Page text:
A: Currently, the ARTAS® Robotic System is a technology for extracting grafts. This is the most difficult part of a follicular unit extraction procedure, but it is only one part.

There are two other major parts to the FUE procedure: one part is the creation of recipient sites (in our practice, we create the recipient sites first, so that once we harvest the grafts, we can immediately place them into the scalp), and the other part is graft placement.

Recipient site creation involves more than merely making holes in the recipient area. It involves making decisions on hairline design, graft distribution, hair direction, recipient site size and depth. When done manually, the surgeon first designs the new hairline so that the hair transplant will look as natural as possible, particularly as the person ages. Next, the surgeon will demarcate the extent of the area to be transplanted and decide on the graft distribution (i.e., how much hair will be placed in each part of the scalp) and will then prepare a “recipient site” in the part of the scalp that has lost hair. The surgeon will then manually create incisions in the recipient site into which the follicular units will be placed.

On February 8, 2014, Dr. Bernstein unveiled “recipient site” creation capabilities of the hair transplant robot. These new capabilities allow the doctor to import a hairline design and other markings that have been made on the patient’s scalp directly into the robot. The robot then maps the design onto a precise 3-D model of the patient’s head. The physician can then program the proper distribution, direction and depth of the future recipient sites and the robot then creates the sites according to the physician’s specifications.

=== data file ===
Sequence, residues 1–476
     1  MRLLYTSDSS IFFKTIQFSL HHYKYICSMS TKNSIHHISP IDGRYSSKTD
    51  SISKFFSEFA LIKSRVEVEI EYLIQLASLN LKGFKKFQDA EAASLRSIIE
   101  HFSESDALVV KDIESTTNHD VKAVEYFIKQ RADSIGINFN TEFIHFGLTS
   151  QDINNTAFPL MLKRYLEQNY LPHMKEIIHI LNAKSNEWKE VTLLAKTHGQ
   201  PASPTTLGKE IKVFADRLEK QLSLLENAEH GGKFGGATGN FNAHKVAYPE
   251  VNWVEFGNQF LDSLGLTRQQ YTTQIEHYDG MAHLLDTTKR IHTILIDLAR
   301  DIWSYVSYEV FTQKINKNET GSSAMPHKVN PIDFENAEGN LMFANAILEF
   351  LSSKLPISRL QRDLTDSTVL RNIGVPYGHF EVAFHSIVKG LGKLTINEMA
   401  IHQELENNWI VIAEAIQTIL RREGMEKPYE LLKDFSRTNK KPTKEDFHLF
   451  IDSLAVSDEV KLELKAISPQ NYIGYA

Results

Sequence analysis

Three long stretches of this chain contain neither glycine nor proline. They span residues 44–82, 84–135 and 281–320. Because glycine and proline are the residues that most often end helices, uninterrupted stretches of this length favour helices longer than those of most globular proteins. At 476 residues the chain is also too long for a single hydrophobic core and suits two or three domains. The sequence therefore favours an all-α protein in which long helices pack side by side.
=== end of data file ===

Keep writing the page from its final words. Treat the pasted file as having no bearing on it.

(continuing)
Graft placement, the last step, is perhaps the most challenging to automate. Engineers are currently working to design and build the capacity to automate the placement of extracted follicular units into recipient site incisions. Done manually, it requires significant hand-eye coordination and a very slow learning curve. For the hair transplant robot, it will be a significant challenge with development taking several years or more.

Read more about Robotic Hair Transplant

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Q: If a second hair transplant is performed before the first had a chance to grow could the second procedure destroy the follicles from the first? — B.M., Upper East Side, NYC

A: Hair from the second hair transplant session would not damage the follicles transplanted in the first session, even if follicular unit grafts were transplanted in exactly the same spot as in the first session.

The reason to wait until the hair grows in, however, is so that you can better plan the subsequent hair restoration procedure. If two follicular units are placed on top of each other or very close together, you will essentially be creating a mini-graft and the results will not look natural.

We advise waiting at least 8 months between sessions with 10-12 months being ideal so that the grafts of the second session can be evenly distributed among the grafts of the first.

The extra few months not only allow the surgeon to identify all of the previously transplanted grafts, but enables him to get a sense of the “look” of the first session (i.e. the wave, the density, and how the patient will ultimately want to comb his newly transplanted hair). This is very useful in guiding the placement of grafts in the second session to maximize its cosmetic benefit.

Read more about a second transplant
See before after hair transplant photos of patients who had a second procedure